Jenna: And not necessarily focus on where you’re at?

Ben: Right.

Jenna: So does it bother you if people refer to you as ‘high functioning’ or say, “Oh, you have autism? You must be high functioning!” Does that bother you?

Ben: Yeah, that bothers me a little bit because they are still putting a huge weight on the spectrum, and where I’m at and where they think I’m at on the spectrum and they’re thoughts on it. It always kind of throws me off when anyone brings it up just because obviously they have done some research or associated themselves with other autistic children that are not as “high functioning” as I am or as “put-together” as I am. But I just kind of take that and I don’t really expand beyond it. I just kind of cordially end the conversation because those people who say those things have misconstrued ideas to begin with, and I just don’t want to change their method of thinking, but as well I don’t want to try to promote what they are trying to do or talk about.

Jenna: Yeah, it’s obvious that they have some misconceptions or some preconceived notions about autism that you don’t agree with, but sometimes it’s difficult to give everyone the lecture they need to have in all situations. 

Ben: Yeah.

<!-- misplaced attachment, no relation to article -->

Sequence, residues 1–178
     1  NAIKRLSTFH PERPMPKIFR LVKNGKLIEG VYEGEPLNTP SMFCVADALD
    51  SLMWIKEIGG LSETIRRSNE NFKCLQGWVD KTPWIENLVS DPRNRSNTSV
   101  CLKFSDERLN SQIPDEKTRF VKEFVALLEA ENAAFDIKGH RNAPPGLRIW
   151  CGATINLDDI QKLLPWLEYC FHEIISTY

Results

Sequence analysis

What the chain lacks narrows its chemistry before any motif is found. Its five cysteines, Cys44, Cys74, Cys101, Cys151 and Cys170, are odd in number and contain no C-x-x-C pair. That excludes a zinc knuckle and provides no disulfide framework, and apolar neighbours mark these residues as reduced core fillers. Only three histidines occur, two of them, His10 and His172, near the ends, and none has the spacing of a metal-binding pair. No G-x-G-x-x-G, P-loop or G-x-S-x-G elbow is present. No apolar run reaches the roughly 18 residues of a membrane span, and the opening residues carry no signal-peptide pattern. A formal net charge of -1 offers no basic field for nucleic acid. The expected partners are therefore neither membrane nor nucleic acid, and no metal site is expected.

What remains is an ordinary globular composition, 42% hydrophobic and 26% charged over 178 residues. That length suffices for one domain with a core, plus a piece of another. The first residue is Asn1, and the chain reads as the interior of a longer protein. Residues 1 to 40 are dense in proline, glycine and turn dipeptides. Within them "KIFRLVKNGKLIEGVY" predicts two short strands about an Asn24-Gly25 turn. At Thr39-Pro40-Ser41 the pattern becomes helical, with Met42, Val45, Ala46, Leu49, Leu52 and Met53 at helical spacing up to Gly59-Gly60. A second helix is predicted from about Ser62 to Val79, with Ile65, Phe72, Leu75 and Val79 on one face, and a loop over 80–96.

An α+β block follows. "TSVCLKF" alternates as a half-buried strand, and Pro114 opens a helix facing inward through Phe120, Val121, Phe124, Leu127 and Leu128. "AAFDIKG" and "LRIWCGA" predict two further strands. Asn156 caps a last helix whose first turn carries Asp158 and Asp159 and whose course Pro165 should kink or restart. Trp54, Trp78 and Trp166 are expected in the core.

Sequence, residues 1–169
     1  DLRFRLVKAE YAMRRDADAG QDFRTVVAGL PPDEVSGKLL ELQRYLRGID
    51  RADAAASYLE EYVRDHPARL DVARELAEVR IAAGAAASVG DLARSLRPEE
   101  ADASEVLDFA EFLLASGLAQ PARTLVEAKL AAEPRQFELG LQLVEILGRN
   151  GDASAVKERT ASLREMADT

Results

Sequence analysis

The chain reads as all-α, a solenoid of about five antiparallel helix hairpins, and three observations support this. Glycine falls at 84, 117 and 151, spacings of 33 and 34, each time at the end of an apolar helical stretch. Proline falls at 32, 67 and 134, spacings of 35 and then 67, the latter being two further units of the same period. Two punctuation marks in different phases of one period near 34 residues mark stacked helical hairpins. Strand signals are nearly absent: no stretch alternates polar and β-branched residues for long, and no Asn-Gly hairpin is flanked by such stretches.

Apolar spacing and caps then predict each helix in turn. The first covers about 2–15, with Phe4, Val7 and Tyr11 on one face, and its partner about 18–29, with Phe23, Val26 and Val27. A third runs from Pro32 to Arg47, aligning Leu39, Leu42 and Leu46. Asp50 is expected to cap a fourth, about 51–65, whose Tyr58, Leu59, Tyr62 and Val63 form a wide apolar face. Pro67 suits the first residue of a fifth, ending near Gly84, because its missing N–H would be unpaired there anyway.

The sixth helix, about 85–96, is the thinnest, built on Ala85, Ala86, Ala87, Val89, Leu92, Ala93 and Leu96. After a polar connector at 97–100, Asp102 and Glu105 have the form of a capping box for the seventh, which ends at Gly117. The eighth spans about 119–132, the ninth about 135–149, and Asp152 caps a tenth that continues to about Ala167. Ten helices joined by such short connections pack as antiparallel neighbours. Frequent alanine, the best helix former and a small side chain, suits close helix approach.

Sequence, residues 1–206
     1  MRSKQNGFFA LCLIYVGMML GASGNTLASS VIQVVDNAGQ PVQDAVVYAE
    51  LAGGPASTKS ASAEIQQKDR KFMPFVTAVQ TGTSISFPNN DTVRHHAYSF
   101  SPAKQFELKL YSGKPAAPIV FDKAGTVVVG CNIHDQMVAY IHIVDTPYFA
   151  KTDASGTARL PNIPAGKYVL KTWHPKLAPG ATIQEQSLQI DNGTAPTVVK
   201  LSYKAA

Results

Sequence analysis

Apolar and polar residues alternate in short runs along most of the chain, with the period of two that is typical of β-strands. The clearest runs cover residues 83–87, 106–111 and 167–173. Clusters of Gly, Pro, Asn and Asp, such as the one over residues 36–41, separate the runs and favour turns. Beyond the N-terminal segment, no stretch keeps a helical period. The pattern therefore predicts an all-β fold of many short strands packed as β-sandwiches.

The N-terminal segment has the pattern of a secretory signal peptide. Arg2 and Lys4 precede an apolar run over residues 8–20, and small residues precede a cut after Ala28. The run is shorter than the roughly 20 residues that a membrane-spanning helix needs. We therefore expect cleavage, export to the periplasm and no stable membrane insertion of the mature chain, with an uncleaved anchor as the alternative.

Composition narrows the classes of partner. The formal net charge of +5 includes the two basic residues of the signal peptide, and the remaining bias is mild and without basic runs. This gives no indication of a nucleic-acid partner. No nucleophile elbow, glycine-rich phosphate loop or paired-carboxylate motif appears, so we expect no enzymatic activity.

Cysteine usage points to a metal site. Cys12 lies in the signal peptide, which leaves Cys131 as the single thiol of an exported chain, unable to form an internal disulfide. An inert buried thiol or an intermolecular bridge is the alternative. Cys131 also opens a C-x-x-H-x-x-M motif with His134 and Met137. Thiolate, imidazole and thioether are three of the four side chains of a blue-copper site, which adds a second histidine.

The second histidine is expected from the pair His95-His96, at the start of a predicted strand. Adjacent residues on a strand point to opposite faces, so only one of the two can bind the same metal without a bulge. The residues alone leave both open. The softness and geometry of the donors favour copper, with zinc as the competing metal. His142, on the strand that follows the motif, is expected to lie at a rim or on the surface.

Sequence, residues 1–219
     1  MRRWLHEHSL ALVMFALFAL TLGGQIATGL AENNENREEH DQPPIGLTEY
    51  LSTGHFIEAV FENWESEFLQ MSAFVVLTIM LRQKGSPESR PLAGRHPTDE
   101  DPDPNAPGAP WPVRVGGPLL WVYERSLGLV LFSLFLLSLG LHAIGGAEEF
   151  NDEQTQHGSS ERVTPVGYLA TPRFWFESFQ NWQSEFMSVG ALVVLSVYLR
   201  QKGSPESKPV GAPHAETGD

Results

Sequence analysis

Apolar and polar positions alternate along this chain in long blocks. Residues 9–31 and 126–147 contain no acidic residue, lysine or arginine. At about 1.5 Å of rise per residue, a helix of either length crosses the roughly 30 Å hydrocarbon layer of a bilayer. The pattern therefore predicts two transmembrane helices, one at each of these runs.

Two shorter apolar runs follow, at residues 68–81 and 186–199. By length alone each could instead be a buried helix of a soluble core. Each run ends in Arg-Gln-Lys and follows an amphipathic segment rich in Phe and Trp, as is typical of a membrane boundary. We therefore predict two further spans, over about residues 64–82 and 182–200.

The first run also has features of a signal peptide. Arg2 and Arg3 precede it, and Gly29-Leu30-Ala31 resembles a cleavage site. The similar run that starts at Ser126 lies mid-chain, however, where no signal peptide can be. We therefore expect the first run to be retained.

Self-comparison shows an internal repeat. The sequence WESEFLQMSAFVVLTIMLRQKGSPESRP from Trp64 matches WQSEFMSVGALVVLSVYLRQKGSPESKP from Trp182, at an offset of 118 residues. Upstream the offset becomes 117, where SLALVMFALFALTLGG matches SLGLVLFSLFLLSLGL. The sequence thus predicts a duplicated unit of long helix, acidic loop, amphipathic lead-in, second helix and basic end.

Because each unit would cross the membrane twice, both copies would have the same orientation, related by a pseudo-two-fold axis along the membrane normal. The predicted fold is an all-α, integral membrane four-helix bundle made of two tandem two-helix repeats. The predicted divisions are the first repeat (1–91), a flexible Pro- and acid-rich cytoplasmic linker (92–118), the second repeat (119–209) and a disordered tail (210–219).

Jenna: Well I really appreciate your time. So, as we close, can you tell me what your hopes are for the audience of this book?

Ben: I really hope that the audience of this book just really takes the information to heart. There’s a lot of great information in there from a lot of different people that are autistic, including myself. We live this daily life, we know how people react to it. We see it every day when we involve ourselves with other people, whenever we go out to dinner, whenever we do something with our families. Every aspect of our lives, this is there. It’s who we are.

So I do hope that people kind of listen, and, like I said, take the information to heart because if they really pay attention and take the advice we give in the book, they can help their child have a more structured and successful school and upbringing, and it’ll just make everything a lot smoother when they transform themselves to young adults and adults and being able to look back at their life and say “Wow, my parents really listened to the advice of these people and they really took that to heart, and I’m grateful that they listened to these people. These are the things that helped me along the way.”

Jenna: Yeah, and what better perspective to follow on the autistic experience than that of someone on the spectrum?

Ben: Right.

Jenna: Okay, well, thanks a lot for your time. I really appreciate it!

Ben: Thank you.